FreedomWorks Foundation Content

We All Belong to the Government

The 2012 election is setting in stark contrast the message of the two major parties. Instead of the usual choice between the lesser of two evils or the less clearly evil of two barely distinguishable choices, the two candidates will stand firmly on the ideology of their respective parties. The leftist rhetoric and agenda of the Democrats is opening up the wide, patriotic center for the Republicans to fill. 

A video containing the shocking catch phrase “Government is the only thing we all belong to,” apparently didn’t raise any eyebrows in the Obama campaign or in the Democratic National Committee, both of which could be expected to have vetted the materials.

We are committed to all people. We do believe you can use government in a good way. Government’s the ony thing that we all belong to. We have different churches, different clubs, but we’re together as a part of our city, or our county, or our state … and our nation.

 Attendees at the Democratic National Convention were asked to approve or disapprove of the statement. The video shows many voicing approval, but their understanding of the phrase “belong to the government” appears different from the jarring one others might have.

The Romney team responded quickly, drawing a clear distinction:

But rather than seeing themselves as chattel  of the government, belonging to it in the sense of being property, the liberals tend to see themselves as members of the government. They are proclaiming approval at belonging to a giant social club.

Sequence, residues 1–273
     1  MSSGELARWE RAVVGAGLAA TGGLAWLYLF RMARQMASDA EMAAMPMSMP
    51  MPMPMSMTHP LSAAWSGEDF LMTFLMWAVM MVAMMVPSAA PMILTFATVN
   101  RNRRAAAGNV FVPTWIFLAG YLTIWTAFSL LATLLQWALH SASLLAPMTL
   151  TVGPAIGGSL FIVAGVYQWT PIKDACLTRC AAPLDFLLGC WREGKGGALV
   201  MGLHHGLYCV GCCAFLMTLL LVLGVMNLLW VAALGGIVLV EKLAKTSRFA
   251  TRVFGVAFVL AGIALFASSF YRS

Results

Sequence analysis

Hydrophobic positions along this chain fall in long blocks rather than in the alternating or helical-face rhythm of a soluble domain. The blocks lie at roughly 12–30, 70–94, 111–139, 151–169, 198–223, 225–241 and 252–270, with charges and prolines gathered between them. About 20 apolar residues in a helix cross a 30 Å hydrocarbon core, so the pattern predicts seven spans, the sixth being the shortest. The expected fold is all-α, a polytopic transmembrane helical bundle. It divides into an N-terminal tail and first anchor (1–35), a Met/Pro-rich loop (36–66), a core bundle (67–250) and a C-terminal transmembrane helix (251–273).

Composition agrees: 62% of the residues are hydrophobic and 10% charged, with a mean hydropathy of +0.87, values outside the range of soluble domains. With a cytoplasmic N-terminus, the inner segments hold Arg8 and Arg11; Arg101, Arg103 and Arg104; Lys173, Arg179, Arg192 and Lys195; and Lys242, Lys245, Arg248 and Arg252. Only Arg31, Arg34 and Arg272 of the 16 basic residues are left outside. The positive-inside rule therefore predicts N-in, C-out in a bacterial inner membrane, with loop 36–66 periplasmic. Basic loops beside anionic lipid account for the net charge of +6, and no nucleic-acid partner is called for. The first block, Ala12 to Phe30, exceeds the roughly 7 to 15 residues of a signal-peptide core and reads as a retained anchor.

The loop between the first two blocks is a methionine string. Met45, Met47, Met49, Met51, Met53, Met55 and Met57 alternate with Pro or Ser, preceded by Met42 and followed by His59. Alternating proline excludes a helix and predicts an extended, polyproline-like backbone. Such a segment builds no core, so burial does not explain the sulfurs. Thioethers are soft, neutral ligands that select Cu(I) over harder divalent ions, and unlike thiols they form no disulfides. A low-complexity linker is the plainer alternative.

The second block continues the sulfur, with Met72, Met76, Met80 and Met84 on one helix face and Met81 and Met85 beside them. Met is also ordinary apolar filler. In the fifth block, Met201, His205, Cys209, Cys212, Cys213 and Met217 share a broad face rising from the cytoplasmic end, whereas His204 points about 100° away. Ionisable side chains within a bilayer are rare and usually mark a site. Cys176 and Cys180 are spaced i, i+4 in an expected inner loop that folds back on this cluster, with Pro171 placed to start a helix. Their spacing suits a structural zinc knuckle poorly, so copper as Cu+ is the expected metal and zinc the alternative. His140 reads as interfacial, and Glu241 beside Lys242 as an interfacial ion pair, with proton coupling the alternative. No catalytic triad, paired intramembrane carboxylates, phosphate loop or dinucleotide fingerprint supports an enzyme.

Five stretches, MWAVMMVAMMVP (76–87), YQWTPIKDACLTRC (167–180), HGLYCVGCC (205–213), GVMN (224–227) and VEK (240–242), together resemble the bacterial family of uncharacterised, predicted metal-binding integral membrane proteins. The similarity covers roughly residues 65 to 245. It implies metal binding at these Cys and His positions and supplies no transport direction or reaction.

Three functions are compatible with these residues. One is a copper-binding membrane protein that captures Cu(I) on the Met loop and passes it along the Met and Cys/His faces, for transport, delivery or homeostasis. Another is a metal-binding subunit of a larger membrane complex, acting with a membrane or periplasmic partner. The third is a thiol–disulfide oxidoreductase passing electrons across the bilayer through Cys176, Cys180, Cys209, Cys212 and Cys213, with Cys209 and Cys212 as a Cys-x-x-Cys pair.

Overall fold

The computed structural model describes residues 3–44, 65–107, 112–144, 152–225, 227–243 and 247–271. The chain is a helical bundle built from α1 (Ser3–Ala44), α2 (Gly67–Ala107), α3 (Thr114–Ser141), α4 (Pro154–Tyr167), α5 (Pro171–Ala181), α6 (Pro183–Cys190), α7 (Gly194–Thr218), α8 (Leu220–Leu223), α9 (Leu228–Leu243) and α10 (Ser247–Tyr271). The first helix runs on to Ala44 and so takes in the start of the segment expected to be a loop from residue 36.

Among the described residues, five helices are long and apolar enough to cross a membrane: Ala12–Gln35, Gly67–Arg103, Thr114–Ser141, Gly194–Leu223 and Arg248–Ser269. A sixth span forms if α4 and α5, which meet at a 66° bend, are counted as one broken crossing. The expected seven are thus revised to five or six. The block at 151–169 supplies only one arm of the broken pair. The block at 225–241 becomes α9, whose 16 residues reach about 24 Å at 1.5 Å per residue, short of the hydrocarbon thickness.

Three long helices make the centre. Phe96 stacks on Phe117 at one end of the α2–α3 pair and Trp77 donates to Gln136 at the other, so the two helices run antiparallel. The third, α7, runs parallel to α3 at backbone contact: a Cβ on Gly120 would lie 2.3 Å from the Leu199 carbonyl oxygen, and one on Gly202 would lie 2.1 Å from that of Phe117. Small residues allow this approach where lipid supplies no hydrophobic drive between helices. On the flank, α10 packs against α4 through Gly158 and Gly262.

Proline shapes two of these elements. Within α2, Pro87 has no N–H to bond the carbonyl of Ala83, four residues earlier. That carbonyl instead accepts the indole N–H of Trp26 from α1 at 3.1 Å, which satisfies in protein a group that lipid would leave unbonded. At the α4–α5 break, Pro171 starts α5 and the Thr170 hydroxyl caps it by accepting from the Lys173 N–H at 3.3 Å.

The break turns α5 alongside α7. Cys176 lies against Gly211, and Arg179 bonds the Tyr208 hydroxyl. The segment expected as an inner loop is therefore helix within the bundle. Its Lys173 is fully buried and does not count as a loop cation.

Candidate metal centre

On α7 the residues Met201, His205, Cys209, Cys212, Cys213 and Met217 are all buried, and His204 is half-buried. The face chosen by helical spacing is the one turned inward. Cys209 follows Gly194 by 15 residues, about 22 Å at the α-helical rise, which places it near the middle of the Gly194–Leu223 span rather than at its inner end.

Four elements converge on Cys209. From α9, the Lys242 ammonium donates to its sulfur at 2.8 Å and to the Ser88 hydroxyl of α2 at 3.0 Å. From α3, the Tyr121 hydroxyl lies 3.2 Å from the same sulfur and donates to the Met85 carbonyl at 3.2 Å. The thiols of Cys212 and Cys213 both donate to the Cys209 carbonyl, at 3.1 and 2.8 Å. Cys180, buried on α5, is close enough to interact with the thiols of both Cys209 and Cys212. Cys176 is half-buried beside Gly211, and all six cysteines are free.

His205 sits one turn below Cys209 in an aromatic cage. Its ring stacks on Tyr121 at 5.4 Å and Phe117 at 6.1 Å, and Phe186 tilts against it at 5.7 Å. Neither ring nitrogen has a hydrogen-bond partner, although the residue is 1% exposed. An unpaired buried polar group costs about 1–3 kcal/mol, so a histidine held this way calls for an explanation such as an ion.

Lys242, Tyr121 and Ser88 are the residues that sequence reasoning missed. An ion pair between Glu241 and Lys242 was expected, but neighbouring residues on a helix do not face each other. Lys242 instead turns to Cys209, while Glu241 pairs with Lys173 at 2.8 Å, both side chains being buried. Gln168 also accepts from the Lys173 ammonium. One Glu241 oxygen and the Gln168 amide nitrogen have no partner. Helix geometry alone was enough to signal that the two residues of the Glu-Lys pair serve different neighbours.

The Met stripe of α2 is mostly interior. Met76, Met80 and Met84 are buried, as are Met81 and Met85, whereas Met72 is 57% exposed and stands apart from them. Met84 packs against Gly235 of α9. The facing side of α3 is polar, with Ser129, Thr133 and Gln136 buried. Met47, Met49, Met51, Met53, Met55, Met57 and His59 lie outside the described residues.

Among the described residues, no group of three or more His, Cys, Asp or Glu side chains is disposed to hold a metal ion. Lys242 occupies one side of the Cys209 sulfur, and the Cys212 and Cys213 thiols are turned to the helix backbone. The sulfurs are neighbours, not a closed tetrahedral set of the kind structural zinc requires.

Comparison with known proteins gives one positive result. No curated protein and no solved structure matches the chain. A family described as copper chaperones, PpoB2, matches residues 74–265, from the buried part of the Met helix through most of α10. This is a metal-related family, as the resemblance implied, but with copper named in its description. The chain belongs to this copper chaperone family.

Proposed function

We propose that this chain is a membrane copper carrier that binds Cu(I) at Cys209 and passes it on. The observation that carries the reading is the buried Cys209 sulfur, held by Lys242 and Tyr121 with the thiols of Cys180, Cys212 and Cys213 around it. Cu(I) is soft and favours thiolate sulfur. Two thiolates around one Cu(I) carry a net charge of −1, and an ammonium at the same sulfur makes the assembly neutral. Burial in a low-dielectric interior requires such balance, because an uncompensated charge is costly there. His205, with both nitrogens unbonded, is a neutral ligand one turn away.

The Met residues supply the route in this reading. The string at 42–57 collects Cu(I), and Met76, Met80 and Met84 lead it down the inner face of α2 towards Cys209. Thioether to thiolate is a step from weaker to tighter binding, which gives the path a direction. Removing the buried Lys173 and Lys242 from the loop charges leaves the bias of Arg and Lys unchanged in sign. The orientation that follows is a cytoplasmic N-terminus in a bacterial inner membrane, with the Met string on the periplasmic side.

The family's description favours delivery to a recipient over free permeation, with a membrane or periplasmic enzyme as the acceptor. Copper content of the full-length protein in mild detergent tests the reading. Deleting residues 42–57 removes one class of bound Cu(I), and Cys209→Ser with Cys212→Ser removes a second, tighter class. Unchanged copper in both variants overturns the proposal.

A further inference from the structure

Indeed, the host committee video contrasts the “different churches, different clubs” with universal membership in the government club.

And yet, the membership and description of belonging to a community clearly go deeper than mere club membership. The warm, cozy feelings of protection and safety expressed by those interviewed take on an almost religious quality, far different from the wary, arms-length approach of libertarians and conservatives.

Government is not a club, because membership, such as it is, is mandatory. One doesn’t voluntarily join the government, except perhaps as an employee or holder of public office.

The two parties are setting up a stark contrast for this election, which is unusal in presidential politics over the last few decades. Typically, the parties tack to “the center”, to grab as many unaligned voters as possible. As The Washingon Times’  Joel Gehrke put it,

That’s a very different message from what voters heard at the Republican National Convention from Clint Eastwood. “We own this country,” Eastwood said last week, adding that politicians are just the employees of the American people. “When someone isn’t doing the job, we’ve got to let [him] go,” he also said, in calling for Obama’s defeat this year.

I am glad that this election is shaping up as one of sharp contrasts, rather than as an absurd choice between two amorphous bags of goo. The radical leftism of the Democrats is forcing, or perhaps allowing, the naturally equivocal Romney to defend positions those in his party hold dear. 


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